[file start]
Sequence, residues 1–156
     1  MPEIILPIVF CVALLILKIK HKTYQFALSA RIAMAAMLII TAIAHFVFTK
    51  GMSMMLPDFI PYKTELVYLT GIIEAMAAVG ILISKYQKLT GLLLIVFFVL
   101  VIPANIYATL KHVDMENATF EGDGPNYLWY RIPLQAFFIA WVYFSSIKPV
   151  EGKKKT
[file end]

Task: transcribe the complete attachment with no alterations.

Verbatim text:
Sequence, residues 1–156
     1  MPEIILPIVF CVALLILKIK HKTYQFALSA RIAMAAMLII TAIAHFVFTK
    51  GMSMMLPDFI PYKTELVYLT GIIEAMAAVG ILISKYQKLT GLLLIVFFVL
   101  VIPANIYATL KHVDMENATF EGDGPNYLWY RIPLQAFFIA WVYFSSIKPV
   151  EGKKKT